A new study revealed that alien life may have been found on Venus and that the planet’s clouds are “more habitable” than previously thought.

Until recent years, Venus has been considered one of the least likely of places in the Solar System to find alien life, reported Mirror. It was due to it being the hottest planet, even more so than Mercury, but in 2020 a major discovery was made with evidence of phosphine. It is a molecule that is formed as a result of life processes when on Earth. The findings were disputed as the same scientists said that they could have made an error in the amount of phosphine that they thought they had found. It was also doubted how lifeforms could have resistance to the droplets of sulphuric acid in the clouds.

The presence of ammonia could make life a possibility by neutralising the acid, according to a new study, which was published in scientific journal Proceedings of the National Academy of Sciences. The ammonia could spark a chain of chemical reactions leading to making life a realistic possibility, according to scientists at Massachusetts Institute of Technology (MIT). It said that the research provided a "transformative hypothesis for the chemistry of the atmospheric cloud layers of Venus while reconciling decades-long atmosphere anomalies."

The scientists' model predicts that the clouds are not entirely made of sulphuric acid, but are "partially composed of ammonium salt slurries." They may be the result of biological production of ammonia in cloud droplets. So, as a result, the clouds are no more acidic than some extreme "terrestrial environments that harbour life," and that life could be "making its own environment on Venus."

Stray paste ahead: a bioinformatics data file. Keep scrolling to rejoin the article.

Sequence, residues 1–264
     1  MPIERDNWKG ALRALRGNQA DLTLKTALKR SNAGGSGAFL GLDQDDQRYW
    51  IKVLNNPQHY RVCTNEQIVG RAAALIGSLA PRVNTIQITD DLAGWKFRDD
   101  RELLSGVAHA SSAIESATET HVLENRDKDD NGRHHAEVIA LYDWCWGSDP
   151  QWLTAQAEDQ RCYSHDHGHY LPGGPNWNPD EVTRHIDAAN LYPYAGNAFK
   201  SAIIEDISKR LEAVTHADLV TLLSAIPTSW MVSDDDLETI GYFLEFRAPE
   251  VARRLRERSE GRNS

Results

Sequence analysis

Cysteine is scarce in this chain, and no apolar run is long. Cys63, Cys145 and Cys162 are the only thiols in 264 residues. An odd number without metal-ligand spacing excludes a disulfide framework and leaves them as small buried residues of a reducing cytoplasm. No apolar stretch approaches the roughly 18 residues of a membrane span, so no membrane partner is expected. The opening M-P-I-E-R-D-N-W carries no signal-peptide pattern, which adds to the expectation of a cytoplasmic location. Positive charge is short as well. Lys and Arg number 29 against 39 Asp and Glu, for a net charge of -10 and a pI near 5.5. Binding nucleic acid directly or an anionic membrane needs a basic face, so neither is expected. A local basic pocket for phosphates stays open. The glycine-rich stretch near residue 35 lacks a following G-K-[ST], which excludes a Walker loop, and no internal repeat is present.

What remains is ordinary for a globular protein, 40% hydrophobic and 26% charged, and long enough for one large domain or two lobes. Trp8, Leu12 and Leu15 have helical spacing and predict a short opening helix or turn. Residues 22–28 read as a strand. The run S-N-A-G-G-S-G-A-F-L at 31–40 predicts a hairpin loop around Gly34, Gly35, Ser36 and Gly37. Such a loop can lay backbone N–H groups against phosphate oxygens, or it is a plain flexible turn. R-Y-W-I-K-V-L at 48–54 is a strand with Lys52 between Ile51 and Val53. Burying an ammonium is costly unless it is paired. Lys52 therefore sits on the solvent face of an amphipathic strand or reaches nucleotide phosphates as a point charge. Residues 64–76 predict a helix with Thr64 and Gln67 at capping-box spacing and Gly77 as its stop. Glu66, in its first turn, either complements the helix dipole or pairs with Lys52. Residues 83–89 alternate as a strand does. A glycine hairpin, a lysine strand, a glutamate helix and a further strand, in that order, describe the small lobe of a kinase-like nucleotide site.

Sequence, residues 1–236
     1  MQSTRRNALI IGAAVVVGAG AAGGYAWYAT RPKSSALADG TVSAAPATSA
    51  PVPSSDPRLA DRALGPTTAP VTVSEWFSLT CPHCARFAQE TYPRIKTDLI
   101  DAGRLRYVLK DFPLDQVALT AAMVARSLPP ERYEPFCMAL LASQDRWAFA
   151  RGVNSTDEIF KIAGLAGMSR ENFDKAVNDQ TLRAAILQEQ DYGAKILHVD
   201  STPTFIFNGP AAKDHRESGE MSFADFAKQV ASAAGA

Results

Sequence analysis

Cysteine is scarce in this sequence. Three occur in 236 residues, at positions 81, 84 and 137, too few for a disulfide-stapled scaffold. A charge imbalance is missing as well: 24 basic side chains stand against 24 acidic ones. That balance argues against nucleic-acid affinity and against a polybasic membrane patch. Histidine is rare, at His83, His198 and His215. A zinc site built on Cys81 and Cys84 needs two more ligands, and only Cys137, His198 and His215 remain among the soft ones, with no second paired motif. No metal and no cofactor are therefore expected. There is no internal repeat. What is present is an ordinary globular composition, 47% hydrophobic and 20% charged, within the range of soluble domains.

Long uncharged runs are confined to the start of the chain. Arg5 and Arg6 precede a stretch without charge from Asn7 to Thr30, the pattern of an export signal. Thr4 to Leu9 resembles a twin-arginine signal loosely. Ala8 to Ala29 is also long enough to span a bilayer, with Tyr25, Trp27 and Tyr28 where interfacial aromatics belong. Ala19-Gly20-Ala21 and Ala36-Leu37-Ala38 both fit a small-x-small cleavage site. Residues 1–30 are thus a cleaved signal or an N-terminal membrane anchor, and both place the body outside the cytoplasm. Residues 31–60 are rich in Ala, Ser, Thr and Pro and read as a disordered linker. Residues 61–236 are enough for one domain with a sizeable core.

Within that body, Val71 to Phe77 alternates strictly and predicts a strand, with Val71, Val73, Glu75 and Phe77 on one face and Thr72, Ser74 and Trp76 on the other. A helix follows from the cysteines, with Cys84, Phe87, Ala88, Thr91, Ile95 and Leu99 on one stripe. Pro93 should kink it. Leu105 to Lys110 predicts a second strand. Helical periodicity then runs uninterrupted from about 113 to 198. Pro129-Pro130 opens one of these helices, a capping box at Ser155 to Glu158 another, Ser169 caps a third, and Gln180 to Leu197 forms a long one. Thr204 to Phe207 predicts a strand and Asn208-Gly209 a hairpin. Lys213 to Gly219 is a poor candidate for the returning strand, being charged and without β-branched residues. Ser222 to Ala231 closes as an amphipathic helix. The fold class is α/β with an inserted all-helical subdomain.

Life exists in acidic environments on Earth, said MIT research co-author Sara Seager, reported indy100. But it's "nothing like the environment on Venus unless life is neutralizing some of those droplets," she shared. So, despite the hostility of Venus' surface with its strong acidity, the ammonia could make existence of life a possibility. Venus doesn't currently have the right atmospheric conditions to have water. But there is a possibility that it did when the Solar System was younger and the atmosphere was thinner.

Planet Venus (R-black spot) transits in front of the Sun
Planet Venus (R-black spot) transits in front of the Sun seen from the the Urania observatory, in Vienna on June 6, 2012. Astronomers and novice star-gazers worldwide trained their eyes and telescopes on the skies Wednesday for the last chance this lifetime to observe Venus track a near seven-hour path across the Sun. The event, only to be seen again in 105 years, began shortly after 2200 GMT on Tuesday, visible first from the Pacific and north and central Americas as a small black dot trailing across the solar surface. Photo by Alexander Klein/AFP/Getty Images

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